Do any of your merchants still rely on systems or applications that are not using the latest encryption security protocols? Per the PCI DSS, all entities must have ceased use of SSL/early TLS as a security control, and use only secure versions of the protocol, after June 30, 2018. SSL and early TLS no longer meet minimum security standards due to security vulnerabilities in the protocol for which there are no fixes. Entities are required to upgrade to a secure alternative and disable any fallback to both SSL and early TLS.
Prior to the June 30, 2018 date, any organizations with existing implementations of SSL or early versions of TLS are required to have a formal Risk Mitigation and Migration Plan (RMMP) in place. If your organization has been performing the required vulnerability scans, the scans should have been resulting in a FAIL if a system was found to be using these insecure protocols. You would then use your RRMP to detail plans for migrating to a secure protocol and outline the controls put in place for reducing the risk associated with SSL/early TLS until that migration is complete. The RMMP is used as documentation for passing the failed vulnerability scans, and may also need to be provided to your assessor as part of your PCI DSS attestation process.
However, the timeframe for just having a plan is drawing to a close and the deadline to have fully migrated is not just going to affect your PCI compliance status. Many acquirers and payment gateways are ONLY going to support TLS 1.2, which means if you have not modified your systems (or verified your services providers have updated theirs), the risk of your merchants not be able to process payments is significant. It is our strong recommendation that you make the appropriate changes well before the deadline. Remediation efforts may take a while and waiting to the last minute means you will be part of the mad scramble to get everything completed, tested, and rolled out by the due date.
You should also be aware that some acquirers and payment gateways are not waiting until the June 30, 2018 deadline and have set their own compliance dates for merchants to cease use of SSL/early TLS. Last fall, we saw some acquirers take the stance that no new merchants with TLS older than 1.2 would be on-boarded or given the ability to accept payments. We have also seen an acquirer refuse a gateway connection until an existing Point of Sale vendor supported TLS 1.2. All First Data “go forward” POS solutions had to have a TLS 1.2 download available by March 1, 2018. First Data has also been implementing service outages or periodic blackouts in which some merchants are not able to process transactions if they are using insecure protocols. This is considered a courtesy alert to customers that they will lose processing services permanently if they have not upgraded to TLS 1.2 by April 15, 2018.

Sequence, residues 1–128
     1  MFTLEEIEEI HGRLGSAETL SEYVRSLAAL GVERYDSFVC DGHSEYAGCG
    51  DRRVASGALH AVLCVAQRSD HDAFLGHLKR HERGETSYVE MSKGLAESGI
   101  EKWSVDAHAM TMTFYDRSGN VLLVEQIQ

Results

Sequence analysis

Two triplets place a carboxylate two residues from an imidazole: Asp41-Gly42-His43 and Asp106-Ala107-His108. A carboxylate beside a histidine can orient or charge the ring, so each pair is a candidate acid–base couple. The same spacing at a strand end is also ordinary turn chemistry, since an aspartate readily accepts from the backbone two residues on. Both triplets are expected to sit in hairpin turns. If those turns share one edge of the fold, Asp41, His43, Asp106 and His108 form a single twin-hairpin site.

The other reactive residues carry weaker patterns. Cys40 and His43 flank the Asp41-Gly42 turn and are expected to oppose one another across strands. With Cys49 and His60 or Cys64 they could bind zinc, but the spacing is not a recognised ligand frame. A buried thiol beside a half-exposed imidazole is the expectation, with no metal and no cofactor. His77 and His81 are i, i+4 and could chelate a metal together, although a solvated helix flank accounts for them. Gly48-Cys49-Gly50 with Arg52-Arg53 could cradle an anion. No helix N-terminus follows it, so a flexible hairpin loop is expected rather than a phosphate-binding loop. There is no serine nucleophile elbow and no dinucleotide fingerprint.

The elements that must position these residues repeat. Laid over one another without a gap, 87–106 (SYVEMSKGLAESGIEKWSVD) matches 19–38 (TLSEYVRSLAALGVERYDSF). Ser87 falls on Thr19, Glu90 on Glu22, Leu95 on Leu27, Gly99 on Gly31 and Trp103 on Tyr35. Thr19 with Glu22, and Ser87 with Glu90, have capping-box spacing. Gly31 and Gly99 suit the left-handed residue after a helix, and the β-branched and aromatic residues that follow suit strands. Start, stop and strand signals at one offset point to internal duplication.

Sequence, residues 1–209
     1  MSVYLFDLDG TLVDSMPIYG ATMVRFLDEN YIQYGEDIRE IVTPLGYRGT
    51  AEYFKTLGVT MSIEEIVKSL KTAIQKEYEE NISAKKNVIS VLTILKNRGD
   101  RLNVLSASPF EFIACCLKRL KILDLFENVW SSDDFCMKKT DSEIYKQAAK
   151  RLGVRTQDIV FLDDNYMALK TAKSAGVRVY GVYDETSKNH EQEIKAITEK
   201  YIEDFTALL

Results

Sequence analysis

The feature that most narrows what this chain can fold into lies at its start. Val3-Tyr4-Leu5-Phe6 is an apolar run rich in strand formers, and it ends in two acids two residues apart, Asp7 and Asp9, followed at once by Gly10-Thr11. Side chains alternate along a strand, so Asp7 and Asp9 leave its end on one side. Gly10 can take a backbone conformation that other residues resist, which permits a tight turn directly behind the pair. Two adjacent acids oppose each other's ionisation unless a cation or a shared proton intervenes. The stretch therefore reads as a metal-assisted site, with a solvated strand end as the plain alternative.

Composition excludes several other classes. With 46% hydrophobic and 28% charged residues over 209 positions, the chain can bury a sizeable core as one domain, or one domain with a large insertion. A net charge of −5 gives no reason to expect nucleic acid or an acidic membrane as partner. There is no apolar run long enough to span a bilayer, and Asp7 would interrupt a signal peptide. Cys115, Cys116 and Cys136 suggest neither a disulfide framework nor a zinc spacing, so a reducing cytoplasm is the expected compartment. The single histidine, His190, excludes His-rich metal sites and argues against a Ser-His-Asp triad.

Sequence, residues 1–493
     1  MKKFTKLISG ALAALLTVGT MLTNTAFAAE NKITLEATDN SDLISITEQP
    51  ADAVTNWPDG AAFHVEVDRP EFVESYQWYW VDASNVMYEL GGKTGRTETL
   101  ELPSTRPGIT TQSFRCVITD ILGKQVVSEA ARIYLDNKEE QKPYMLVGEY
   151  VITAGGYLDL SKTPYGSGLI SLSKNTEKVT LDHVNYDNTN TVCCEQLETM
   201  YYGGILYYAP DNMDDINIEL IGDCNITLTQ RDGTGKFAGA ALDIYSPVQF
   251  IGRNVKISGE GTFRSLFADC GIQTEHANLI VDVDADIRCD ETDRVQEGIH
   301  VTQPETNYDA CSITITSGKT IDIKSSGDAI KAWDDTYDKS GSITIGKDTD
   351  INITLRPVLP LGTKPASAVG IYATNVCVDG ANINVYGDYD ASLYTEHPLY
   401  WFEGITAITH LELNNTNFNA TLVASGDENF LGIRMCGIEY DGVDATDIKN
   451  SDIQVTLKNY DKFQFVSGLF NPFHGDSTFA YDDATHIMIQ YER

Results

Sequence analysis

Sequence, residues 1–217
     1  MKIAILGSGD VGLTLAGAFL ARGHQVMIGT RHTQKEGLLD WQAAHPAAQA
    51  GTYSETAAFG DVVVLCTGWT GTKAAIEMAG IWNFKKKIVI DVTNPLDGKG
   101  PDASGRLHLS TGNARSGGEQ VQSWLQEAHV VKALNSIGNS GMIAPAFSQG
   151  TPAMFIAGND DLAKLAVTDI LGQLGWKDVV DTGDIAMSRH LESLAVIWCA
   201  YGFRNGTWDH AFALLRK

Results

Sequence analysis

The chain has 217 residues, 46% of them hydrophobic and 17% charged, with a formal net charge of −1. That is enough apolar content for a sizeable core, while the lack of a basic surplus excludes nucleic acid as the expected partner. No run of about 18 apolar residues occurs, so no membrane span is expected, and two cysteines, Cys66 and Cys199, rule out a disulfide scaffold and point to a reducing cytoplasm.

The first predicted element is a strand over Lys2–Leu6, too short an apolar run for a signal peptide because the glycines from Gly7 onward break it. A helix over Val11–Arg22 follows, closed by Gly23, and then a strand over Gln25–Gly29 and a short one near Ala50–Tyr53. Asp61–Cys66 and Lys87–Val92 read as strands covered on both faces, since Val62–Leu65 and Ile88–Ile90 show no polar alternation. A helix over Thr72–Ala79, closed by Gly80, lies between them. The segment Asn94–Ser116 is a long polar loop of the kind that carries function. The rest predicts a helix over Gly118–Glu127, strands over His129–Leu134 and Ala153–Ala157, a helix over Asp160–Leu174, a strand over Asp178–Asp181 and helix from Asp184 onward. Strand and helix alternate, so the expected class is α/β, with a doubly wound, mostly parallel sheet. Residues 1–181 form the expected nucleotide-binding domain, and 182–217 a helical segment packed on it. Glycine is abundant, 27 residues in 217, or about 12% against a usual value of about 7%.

If you are unsure of your acquirer’s requirements or you are unsure if you have disabled SSL/early TLS everywhere, you cannot put this off any longer. We recently had a university customer run vulnerability scans on all of their SAQ A e-commerce websites as an information security best practice, and the scans revealed that one of their third-party service providers had not migrated to TLS 1.2. If this had not been discovered now, this could have created a massive headache once the deadline was reached.
One other suggestion is that you may want to make your merchants and their customer service teams aware of this change. If any of their customers are using outdated web browsers, they may not be able to pay online once SSL/early TLS are disabled. It may be helpful to have your e-commerce sites create a pop-up message advertising what action will be needed in order to complete an order.
Don’t procrastinate. This deadline is not one that is going to come and go without noticeable consequences. If you have questions about how to migrate your systems or how to test to ensure all systems have been upgraded, please contact us.
Some additional guidance from Security Advisor team below:
[Wheeler]: Discontinuing the use of SSL and early TLS is the only remediation for some of the inherent flaws that have been discovered in the protocols in recent years. The PCI Council has previously granted an extension to this migration deadline, but it seems that no additional extension is on the horizon. Now is the time to take the leap and update to TLSv1.2 (or in certain cases, secure implementations of TLSv1.1).
Keep in mind that your help desk personnel may need to be aware of these upgrades, in case there is an uptick in calls regarding users having issues accessing payment pages after the upgrade. It could be very likely that they are using an older browser or operating system that doesn’t have the ability to use TLSv1.2 (or has it disabled by default). Testing should be started immediately to head off any issues after the “drop dead” date.